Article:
As a seasoned real estate investor, one does not always have access to unlimited funds in the bank. Actually any savvy investor would not be so smart if they did. It’s wise to put your money into cash flowing or cash building assets and bank accounts are not cash building. Therefore, there may be times when even wealthy investors would be smart to use high interest, high-cost hard money to invest in short-term purchases of real estate.
A Hard Money Loan may also be referred to using the acronym HML.
One of my most popular sayings in real estate investing is “the bottom line is the bottom line” (Hence, the name of my favorite tool found here. So, if the cost of hard money has been accounted for in your deal, then hard money is an excellent resource for cash that does not need you to have good credit.
The important take-away from this article is this… DON’T LET LACK OF PERSONAL FUNDS KEEP YOU FROM MAKING MONEY IN REAL ESTATE TODAY. Your lack of knowledge and experience may be a valid reason, but lack of funds is not.
To gain knowledge on how to do deals, making money without using ANY of your own money to buy, I want to invite you to apply for my personal training and mentoring program HERE.
What is a Hard Money Loan?
Hard money loans are collateral-based real estate loans made by private investors instead of banks. These loans fill a need for funding when banks won’t lend for any reason… there are credit problems, or there isn’t time to obtain conventional financing to secure a purchase or get cash from the equity in a property. These types of loans are referred by different names such as hard money loans, private money loans, private equity loans, or bridge loans.
Hard Money” loans or “equity loans” as they are sometimes called refer to non-conventional real estate loans. They are usually funded by private money sources and investors, (not banks), pension funds, etc. Interest rates and points on such loans are usually much higher. Terms can range from 3 to 60 months and percentage rate varies greatly.
Hard Money loans have one basic requirement. There has to be some substantial equity in the property to give the lender a reason to invest their funds in an otherwise risky venture.
Why do they call it “hard money”?
It is difficult to find an answer to this question. I’ve heard plenty of speculation. Some people say that it’s because the money is used for “hard to do” loans. Others say it is because the loans are “hard to get” or “hard to pay.” It is my belief that it is called hard money because traditionally it has been “real money” in the sense that it is not borrowed. Institutions loan borrowed money, and in this sense they loan “soft money.” However, I must point out that things have changed a bit over the years, and these days a good deal of hard money is in fact borrowed. (I would guess as much as 50%.)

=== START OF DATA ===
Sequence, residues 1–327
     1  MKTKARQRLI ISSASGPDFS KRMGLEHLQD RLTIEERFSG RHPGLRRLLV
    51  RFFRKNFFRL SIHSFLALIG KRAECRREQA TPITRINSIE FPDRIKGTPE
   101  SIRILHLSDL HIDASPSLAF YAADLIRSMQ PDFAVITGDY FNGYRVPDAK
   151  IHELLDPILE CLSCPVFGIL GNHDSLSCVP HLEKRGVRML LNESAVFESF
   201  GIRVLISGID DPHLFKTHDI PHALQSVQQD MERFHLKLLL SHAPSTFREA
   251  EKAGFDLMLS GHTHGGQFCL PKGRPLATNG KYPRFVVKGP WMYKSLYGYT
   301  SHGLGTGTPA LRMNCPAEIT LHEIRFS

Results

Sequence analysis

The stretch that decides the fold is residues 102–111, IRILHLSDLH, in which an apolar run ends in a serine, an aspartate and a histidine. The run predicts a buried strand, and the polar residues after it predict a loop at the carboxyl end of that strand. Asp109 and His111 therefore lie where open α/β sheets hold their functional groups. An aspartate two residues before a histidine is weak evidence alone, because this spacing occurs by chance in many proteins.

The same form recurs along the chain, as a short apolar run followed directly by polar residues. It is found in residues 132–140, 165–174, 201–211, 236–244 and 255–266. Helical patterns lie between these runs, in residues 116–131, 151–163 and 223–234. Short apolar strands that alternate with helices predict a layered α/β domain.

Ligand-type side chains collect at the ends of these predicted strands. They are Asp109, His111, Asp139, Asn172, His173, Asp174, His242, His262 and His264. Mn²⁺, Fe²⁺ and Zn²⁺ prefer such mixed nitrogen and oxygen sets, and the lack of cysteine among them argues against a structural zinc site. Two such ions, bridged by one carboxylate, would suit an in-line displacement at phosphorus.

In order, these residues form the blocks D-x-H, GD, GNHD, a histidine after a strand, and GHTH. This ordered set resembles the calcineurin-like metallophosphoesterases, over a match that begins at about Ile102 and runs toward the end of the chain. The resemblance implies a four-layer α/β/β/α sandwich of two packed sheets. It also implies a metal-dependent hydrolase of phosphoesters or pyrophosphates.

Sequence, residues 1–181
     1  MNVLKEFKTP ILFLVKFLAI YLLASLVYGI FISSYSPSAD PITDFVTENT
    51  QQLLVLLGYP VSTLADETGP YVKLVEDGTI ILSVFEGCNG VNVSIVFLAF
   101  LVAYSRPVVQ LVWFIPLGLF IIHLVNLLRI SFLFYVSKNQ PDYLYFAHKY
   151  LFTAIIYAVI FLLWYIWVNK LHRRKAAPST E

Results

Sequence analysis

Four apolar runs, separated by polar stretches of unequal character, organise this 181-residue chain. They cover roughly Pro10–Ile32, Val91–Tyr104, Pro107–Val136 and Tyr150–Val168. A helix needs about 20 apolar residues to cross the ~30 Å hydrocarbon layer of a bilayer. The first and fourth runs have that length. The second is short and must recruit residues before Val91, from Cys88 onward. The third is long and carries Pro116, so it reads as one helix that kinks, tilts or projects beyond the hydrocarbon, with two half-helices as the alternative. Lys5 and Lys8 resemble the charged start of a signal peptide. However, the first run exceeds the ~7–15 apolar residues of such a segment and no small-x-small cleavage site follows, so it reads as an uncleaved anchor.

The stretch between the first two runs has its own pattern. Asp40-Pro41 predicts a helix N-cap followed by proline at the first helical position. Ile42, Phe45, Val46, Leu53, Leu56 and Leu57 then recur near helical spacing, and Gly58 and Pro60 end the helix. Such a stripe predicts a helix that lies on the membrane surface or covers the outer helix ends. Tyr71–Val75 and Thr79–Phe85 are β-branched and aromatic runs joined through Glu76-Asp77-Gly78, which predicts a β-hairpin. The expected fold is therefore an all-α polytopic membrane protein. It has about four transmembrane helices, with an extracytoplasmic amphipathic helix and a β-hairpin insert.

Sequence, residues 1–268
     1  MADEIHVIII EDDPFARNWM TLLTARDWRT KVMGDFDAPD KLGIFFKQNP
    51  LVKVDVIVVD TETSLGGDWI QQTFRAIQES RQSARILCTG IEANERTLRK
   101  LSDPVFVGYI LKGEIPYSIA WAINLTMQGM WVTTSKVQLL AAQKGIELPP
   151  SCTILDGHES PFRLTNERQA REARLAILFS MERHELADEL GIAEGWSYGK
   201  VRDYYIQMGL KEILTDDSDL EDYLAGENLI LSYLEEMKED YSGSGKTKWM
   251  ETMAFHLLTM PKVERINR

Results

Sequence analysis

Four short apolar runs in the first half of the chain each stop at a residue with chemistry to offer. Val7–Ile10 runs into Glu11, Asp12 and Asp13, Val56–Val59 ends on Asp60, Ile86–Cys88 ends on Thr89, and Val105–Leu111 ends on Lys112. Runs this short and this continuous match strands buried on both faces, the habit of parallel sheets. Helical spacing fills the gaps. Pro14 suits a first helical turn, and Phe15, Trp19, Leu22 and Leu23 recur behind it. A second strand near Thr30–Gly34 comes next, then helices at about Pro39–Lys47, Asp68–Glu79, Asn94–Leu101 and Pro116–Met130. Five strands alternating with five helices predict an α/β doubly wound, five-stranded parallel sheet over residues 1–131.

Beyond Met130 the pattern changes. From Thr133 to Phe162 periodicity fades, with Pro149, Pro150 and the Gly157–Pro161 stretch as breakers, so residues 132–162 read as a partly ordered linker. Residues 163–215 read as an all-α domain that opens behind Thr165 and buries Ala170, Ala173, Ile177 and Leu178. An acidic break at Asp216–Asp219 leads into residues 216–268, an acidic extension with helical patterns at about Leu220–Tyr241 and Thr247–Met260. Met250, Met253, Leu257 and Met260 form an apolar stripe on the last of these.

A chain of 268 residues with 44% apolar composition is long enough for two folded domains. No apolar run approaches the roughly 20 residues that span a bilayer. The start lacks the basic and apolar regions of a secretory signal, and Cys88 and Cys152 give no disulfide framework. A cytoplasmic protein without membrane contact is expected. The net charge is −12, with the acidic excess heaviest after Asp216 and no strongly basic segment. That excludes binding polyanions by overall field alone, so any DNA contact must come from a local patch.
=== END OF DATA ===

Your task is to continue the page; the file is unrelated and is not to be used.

What is hard money used for?
Hard Money is generally used as a bridge: a way to get from point A to point B. It is generally a short to medium term solution (1-6 years), and there is nearly always an exit strategy going in.
- Purchase real estate — with a sufficient down payment (usually 30% or more), you can secure a new 1st mortgage with a hard money loan
- Refinance a loan — hard money loans to obtain cash from equity, pay off a balloon mortgage, refinance a delinquent loan to prevent a foreclosure, pay off a Chapter 13 bankruptcy, and others. You usually need at least 30% or more residual equity left in the property after the new loan, including points and fees, to qualify
- Add a 2nd or 3rd mortgage — hard money loans can be used as subordinate financing to existing 1st mortgages for cash out for debt consolidation, remodeling, repairs, business loans, investments, or for any reason
- Secure a bridge loan to purchase new real estate before selling your current property
- To complete construction or rehabilitation on residential or commercial property
Note: The amount of required equity for hard money loans varies by the hard money lender, property type and investor.
Three Things You Must Have to Qualify for a Hard Money Loan
- Sufficient remaining equity in the property (usually 30% or more after the new loan, including points and fees. The amount of required equity for hard money loans varies by property type and investor.)
- An acceptable property in a marketable area (at lenders discretion)
- The ability to repay the loan to the investor (required by law)
You may qualify for a hard money loan even if- – –
- You have bad credit, minimal credit, or NO credit — sufficient equity and the ability to repay the loan are more important to hard money lenders than your personal credit (However: tax liens, current bankruptcy, judgments, clouds on title, etc., may require resolution prior to or at closing);
- You have too much debt to qualify for a bank loan — provided you have the necessary equity in your property (or down payment) and the ability to repay the loan, our hard money lenders can make allowances for excessive debt;
- You have non-verifiable, inconsistent, or unusual income — provided you can make the loan payment, our hard money lenders will accept loans made to persons who have unconventional incomes. If you have no income or means of repaying the loan, you will not qualify for a hard money loan, period.
- You have a rural property, unique property, or mixed-use property and have found it difficult to qualify for a conventional loan, as long as there’s sufficient equity in the property, and our hard money lender deems the property a worthwhile investment, you qualify for a hard money loan;
- You need a cash equity loan with less than perfect credit and have a 1st mortgage with a negative amortization feature — with the right amount of equity after the required adjustment for the potential negative amortization you may qualify for a 2nd mortgage hard money loan;
- You need a short-term loan to build, rehab, or remodel real estate or make improvements to raw land prior to selling the property or refinancing into long-term permanent financing (note-hard money loans used for these purposes require a future value appraisal and construction documentation for approval);
- The property is in the name of a “non-natural person” — your property is held in the name of a trust, LLC, corporation, or an entity — rather than an individual.
- You need a business loan secured by equity in real estate, but cannot qualify or wait for a conventional business, commercial, or SBA loan;
- You are a Foreign National with no long-term U.S. employment or other assets
Do not consider a hard money loan if- – –
- You would have less than 30% or more equity remaining in the property after the new loan, including any points and fees financed (Note: the amount of required equity for hard money loans varies by property type and investor);
- You are looking for a low-interest rate loan, or a loan with low points and fees;